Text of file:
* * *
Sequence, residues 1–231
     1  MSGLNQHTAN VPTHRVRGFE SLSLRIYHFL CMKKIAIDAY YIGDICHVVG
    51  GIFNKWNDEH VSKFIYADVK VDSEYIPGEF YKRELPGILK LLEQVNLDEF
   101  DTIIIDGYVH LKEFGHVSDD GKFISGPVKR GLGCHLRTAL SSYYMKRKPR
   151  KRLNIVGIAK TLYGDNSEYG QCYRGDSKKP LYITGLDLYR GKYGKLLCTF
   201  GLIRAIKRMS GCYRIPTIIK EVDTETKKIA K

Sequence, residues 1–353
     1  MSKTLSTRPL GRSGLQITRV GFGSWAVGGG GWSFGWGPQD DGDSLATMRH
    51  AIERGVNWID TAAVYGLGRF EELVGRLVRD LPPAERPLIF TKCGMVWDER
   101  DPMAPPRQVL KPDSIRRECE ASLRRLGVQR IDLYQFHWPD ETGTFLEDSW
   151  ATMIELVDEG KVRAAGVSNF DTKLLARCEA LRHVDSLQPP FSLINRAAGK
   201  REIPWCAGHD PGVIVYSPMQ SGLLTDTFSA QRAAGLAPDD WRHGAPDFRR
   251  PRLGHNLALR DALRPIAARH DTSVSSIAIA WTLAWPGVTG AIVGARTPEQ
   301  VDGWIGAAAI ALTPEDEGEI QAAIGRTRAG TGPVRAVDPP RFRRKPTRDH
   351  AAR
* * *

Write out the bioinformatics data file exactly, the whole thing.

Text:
Sequence, residues 1–231
     1  MSGLNQHTAN VPTHRVRGFE SLSLRIYHFL CMKKIAIDAY YIGDICHVVG
    51  GIFNKWNDEH VSKFIYADVK VDSEYIPGEF YKRELPGILK LLEQVNLDEF
   101  DTIIIDGYVH LKEFGHVSDD GKFISGPVKR GLGCHLRTAL SSYYMKRKPR
   151  KRLNIVGIAK TLYGDNSEYG QCYRGDSKKP LYITGLDLYR GKYGKLLCTF
   201  GLIRAIKRMS GCYRIPTIIK EVDTETKKIA K

Sequence, residues 1–353
     1  MSKTLSTRPL GRSGLQITRV GFGSWAVGGG GWSFGWGPQD DGDSLATMRH
    51  AIERGVNWID TAAVYGLGRF EELVGRLVRD LPPAERPLIF TKCGMVWDER
   101  DPMAPPRQVL KPDSIRRECE ASLRRLGVQR IDLYQFHWPD ETGTFLEDSW
   151  ATMIELVDEG KVRAAGVSNF DTKLLARCEA LRHVDSLQPP FSLINRAAGK
   201  REIPWCAGHD PGVIVYSPMQ SGLLTDTFSA QRAAGLAPDD WRHGAPDFRR
   251  PRLGHNLALR DALRPIAARH DTSVSSIAIA WTLAWPGVTG AIVGARTPEQ
   301  VDGWIGAAAI ALTPEDEGEI QAAIGRTRAG TGPVRAVDPP RFRRKPTRDH
   351  AAR